It’s a question that many non-smokers constantly ask: Why do smokers continue to smoke knowing that it’s not only harmful, but that they’re also wasting their money? A new study from Penn State University may have found why it’s harder for some people to quit — it essentially comes down to their brains’ chemistry, and willpower.
“We believe that our findings may help to explain why some smokers find it so difficult to quit smoking,” said Dr. Stephen Wilson, an assistant professor of psychology at the university, in a press release. “Namely, potential sources of reinforcement for giving up smoking — for example, the prospect of saving money or improving health — may hold less value for some individuals and, accordingly, have less impact on their behavior.”
Categorized in a grey area between a disease and a behavioral condition, addiction affects the brain in complex ways. People who smoke, or take virtually any drug, allow that drug to tap into their brain’s reward system. Thus, facilitating the release of dopamine and serotonin, the molecules responsible for feeling good and subsequently bringing a drug user back for more. This is evident in smokers who are most in need of a pull from their cigarettes whenever they’re sad, distressed, or angry, and say that it makes them feel more calm and relaxed.
But it turns out that these may be the only times these smokers are able to have such activity in their brain’s reward systems. The Penn researchers found that smokers who showed less activity in these areas, were unable to intrinsically produce such high quantities of the reward molecules. So, when given the opportunity to abstain from smoking a cigarette in return for a reward, some of them still went ahead and smoked.
The researchers discovered this with the help of functional magnetic resonance imaging, or fMRI, a kind of brain-imaging technology. For their experiment, they looked at the brains of 44 smokers, paying specific attention to the ventral striatum, where reward molecules are released and addiction is believed to be triggered. “It is the area of the brain that is important for motivation and goal-directed behavior — functions highly relevant to addiction,” Wilson said in the release.
All of the participants were nicotine deprived, having not smoked a cigarette for at least 12 hours before the experiment. While they underwent brain scans, they played a card-guessing game with monetary prizes. They were also told at the beginning of the experiment that they’d have to wait two hours to smoke, which was when the experiment would end. About halfway through the experiment, they were told differently, and given the opportunity to smoke during a 50-minute break that was 15 minutes away. When the time came to take the break — by this point, they were probably itching for a cigarette they thought they wouldn’t get until later — they were told that for every five minutes they didn’t smoke, they’d get $1, with the potential to collect as much as $10.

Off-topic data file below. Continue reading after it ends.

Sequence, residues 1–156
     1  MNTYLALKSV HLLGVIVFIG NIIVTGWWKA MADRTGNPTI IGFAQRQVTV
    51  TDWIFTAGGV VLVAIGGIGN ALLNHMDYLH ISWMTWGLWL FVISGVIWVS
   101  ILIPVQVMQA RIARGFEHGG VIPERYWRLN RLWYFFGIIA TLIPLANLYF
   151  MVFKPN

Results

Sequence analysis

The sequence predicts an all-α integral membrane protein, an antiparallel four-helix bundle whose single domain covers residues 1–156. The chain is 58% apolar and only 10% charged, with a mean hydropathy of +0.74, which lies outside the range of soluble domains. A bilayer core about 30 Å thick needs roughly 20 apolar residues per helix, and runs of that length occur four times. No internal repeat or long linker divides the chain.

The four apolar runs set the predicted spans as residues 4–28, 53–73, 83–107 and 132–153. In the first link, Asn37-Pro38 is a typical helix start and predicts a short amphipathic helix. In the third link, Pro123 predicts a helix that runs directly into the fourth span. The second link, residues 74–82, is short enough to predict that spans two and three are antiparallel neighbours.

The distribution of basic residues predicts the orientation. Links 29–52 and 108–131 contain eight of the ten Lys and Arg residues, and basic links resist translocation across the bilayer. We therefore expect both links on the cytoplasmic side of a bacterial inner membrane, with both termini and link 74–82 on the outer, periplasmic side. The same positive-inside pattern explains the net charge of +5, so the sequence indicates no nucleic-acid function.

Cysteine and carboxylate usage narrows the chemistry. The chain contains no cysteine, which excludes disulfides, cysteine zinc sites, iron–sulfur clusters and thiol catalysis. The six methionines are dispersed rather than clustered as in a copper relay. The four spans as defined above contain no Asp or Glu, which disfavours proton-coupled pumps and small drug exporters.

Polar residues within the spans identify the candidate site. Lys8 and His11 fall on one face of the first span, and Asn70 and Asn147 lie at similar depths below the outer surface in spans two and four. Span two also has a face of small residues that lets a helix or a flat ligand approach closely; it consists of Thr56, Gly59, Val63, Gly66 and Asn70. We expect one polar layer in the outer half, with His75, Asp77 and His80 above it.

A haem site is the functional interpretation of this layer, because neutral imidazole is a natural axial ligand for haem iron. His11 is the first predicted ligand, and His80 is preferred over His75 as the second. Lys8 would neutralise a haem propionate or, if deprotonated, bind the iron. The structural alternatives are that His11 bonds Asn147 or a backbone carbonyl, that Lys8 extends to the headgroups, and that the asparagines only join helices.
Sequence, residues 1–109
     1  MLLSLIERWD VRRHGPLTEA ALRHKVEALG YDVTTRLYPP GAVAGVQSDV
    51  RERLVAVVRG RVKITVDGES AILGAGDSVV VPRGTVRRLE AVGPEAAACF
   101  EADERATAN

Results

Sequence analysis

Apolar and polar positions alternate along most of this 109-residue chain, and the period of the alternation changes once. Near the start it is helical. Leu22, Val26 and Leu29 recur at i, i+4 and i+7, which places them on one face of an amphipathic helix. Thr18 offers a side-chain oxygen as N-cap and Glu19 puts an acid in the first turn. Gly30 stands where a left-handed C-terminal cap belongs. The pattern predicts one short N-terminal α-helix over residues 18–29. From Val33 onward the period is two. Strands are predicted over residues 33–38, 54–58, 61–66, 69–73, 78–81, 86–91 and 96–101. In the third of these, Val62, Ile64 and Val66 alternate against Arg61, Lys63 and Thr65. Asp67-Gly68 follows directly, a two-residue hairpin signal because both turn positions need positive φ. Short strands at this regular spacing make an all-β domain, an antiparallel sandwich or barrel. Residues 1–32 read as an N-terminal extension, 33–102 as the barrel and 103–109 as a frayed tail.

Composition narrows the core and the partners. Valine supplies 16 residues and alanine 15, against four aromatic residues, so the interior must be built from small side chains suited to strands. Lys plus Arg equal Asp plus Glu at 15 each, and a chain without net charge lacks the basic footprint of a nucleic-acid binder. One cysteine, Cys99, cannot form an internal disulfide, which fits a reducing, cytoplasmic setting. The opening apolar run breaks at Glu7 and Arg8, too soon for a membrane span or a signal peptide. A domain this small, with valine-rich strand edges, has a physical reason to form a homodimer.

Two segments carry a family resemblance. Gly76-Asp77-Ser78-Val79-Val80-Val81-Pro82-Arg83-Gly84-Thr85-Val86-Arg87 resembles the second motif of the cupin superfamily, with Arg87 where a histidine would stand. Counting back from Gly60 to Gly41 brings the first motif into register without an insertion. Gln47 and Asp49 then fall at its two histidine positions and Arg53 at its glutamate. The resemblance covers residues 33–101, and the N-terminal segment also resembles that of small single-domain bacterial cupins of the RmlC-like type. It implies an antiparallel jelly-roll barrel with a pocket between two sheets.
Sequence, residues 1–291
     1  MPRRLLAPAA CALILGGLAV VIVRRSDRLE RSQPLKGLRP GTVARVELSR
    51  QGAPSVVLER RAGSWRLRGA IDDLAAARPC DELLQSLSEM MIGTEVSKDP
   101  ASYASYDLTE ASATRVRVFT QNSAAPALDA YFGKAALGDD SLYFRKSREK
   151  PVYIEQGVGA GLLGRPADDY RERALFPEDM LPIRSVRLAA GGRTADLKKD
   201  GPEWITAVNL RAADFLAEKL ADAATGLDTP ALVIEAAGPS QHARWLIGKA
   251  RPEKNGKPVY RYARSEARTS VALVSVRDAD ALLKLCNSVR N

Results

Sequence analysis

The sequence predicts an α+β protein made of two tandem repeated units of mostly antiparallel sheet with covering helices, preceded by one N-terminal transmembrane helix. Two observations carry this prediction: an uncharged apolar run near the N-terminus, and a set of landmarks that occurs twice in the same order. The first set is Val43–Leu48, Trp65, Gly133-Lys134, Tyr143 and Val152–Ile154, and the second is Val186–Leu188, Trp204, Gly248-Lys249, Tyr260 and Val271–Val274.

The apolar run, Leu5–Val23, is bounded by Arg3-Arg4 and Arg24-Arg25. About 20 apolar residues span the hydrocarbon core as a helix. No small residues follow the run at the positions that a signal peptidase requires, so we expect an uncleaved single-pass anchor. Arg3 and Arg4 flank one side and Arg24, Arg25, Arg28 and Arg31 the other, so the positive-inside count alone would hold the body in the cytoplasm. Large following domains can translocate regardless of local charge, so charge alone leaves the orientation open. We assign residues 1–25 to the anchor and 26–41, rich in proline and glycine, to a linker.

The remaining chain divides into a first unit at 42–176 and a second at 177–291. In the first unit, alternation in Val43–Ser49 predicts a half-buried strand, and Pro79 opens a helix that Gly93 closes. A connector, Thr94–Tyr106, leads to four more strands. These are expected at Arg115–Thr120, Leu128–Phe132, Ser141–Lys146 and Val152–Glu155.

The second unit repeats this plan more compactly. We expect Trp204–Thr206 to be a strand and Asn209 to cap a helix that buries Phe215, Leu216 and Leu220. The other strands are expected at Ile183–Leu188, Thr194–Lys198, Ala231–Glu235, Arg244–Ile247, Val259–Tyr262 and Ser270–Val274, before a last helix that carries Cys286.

With that, the researchers were able to see who was able to resist a cigarette and who couldn’t. The fMRI scans showed that participants who exhibited less activity in their ventral striatum at the prospect of earning money were the ones more likely to go ahead and smoke. Conversely, those whose brains showed more activity were able to abstain.
“Our results suggest that it may be possible to identify individuals prospectively by measuring how their brains respond to rewards, an observation that has significant conceptual and clinical implications,” Wilson said in the release. “For example, particular ‘at-risk’ smokers could potentially be identified prior to a quit attempt and be provided with special interventions designed to increase their chances for success.”
With over 393,000 Americans dying each year from smoking, any intervention may be better than none at reducing the number of smokers. Smoking doesn’t only kill people but it also costs the U.S. over $193 billion in 2004 from health care expenditures and lost productivity, among other things.
Source: Wilson S, Delgado M, Grigson P, et al. Weak ventral striatal responses to monetary outcomes predict an unwillingness to resist cigarette smoking. Cognitive, Affective, & Behavioral Neuroscience. 2014.